Here’s why this is a bad idea…
Thanks to the anticipated switch from gasoline- and diesel-powered cars in the UK, the Commons Transport Select Committee is reportedly asking the government to look into a new tax based on miles driven. This isn’t a new concept as it’s been floated in other countries, including here in the United States where Transportation Secretary Pete Buttigieg is researching something similar. And while at first it might sound fair to tax people per mile driven since taxing fuel won’t be possible in the much-anticipated electrified future, there are some big problems with this and similar plans.
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Currently, like in the United States the UK government places a tax on fuel. Ostensibly, the funds are used to maintain the roads, and while I can’t speak for our friends on the other side of the pond, I do know here politicians regularly move funds from the fuel tax to pet causes, often leaving roads in poor repair. That aside, with EVs growing more common, this would mean the tax burden isn’t shirked by those freeloading electric car owners.
Here's the first problem with this plan: to track how far people are driving and tax them accordingly, the proposal is that the UK government would use “telematic technology.” This would do more than just log miles driven as it also acts as a tracker, allowing the government to see everywhere you go. That’s a huge violation of privacy. And for those who think officials would only look at miles driven and nothing more, some let it slip during the lockdowns that they were tracking citizens’ cellphones to see who was complying with orders.
A similar vehicle tracking mechanism is being explored here in the US. Supposedly, taxing people for the miles they drive will decrease congestion as pleasure driving is discouraged. But here’s the second problem: low-income individuals are affected by these per-miles-driven taxation plans the most.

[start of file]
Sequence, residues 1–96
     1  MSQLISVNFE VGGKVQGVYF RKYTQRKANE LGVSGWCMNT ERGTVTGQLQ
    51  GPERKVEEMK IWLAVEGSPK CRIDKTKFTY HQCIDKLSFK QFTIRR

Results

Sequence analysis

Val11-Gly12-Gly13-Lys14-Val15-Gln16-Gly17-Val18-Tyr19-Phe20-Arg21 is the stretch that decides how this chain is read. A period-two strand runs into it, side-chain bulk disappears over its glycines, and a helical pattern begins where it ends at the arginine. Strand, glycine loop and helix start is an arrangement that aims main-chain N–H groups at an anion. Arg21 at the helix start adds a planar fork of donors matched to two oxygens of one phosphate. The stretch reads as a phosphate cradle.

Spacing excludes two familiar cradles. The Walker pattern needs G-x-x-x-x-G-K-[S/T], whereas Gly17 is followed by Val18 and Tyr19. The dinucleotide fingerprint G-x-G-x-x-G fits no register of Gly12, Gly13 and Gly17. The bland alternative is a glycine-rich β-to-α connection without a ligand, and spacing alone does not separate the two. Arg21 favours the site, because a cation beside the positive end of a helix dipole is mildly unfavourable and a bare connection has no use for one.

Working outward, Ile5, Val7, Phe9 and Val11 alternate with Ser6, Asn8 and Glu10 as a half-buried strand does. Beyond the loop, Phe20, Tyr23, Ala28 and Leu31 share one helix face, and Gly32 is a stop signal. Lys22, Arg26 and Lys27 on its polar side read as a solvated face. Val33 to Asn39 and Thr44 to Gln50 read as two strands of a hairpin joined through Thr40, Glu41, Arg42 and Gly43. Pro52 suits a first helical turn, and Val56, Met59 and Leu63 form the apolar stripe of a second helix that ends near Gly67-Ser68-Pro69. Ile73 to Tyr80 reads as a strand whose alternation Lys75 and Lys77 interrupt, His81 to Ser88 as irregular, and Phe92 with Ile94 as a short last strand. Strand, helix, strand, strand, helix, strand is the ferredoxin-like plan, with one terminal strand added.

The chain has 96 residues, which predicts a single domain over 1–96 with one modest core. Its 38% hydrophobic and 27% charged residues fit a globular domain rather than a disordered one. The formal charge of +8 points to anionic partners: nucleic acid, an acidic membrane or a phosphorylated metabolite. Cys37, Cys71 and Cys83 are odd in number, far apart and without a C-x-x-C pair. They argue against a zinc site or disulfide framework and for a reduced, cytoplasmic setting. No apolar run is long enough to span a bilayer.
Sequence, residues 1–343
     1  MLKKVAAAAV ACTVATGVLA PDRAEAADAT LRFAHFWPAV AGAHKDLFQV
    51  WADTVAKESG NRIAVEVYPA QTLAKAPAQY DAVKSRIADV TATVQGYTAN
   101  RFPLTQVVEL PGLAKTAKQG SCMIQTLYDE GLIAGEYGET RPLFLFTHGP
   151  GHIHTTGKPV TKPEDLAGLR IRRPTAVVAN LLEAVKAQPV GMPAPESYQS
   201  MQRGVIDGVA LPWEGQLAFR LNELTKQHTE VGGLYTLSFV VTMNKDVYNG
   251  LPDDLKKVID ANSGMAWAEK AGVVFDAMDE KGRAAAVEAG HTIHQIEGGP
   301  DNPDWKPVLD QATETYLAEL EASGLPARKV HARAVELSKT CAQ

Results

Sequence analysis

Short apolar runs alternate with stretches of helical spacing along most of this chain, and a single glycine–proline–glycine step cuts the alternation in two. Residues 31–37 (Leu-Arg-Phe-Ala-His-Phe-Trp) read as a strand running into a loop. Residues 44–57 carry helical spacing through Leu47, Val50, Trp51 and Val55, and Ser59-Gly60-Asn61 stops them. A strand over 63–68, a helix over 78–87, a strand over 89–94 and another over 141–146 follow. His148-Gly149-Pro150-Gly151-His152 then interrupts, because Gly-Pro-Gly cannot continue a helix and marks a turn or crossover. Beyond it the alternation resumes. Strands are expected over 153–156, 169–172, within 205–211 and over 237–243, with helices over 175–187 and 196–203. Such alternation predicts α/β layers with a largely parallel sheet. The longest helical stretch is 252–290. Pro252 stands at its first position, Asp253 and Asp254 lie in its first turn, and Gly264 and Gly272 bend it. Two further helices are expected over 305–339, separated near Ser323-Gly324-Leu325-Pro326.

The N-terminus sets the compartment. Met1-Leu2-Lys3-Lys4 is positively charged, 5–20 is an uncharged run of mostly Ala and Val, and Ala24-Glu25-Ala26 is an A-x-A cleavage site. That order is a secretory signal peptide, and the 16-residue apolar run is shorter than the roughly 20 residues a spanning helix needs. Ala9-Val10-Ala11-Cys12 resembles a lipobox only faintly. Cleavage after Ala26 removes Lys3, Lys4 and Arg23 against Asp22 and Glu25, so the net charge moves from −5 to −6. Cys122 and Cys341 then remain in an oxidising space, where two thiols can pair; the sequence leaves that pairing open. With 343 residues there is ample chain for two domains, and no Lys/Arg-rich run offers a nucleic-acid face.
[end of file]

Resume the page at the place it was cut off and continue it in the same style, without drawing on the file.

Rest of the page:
Driving until you qualify is a reality the elites in many countries simply don’t understand. Most can’t afford to live near where they work, etc. That means having to commute a fair distance every day. With less disposable income, these lower-income households will be hit harder by a taxation-by-the-mile setup.
In the past, people in that kind of a situation have been able to grab a cheap, highly efficient car for commuting. That means while they’re paying the same amount of tax for each unit of fuel as someone who has a big, gas-guzzling vehicle, the amount of tax per mile they drive is far less. By taxing everyone the same amount per mile would annihilate that advantage.
Keep in mind the UK government announced back in November the sale of pure internal combustion engine cars would be moved from 2040 to 2030. That means some new vehicles will be hybrids and so they’ll use some fuel, but obviously electricity will become the new petrol for the country.
Obviously, the UK government needs to collect taxes to maintain the roads, otherwise the little island nation will start looking like the state of Michigan with gigantic potholes everywhere. However, there are problems with the proposed plan. And it can’t be a coincidence that eerily similar plans are being developed in the US and other nations.
There is a silver lining with this proposal. Reportedly, the new taxation-by-the-mile plan will be revenue neutral. In other words, UK citizens wouldn’t pay more than they already do in fuel taxes. If you believe the government has that kind of discipline, I guess you’re comforted by that. Otherwise, you’re not going to like this proposal in the least.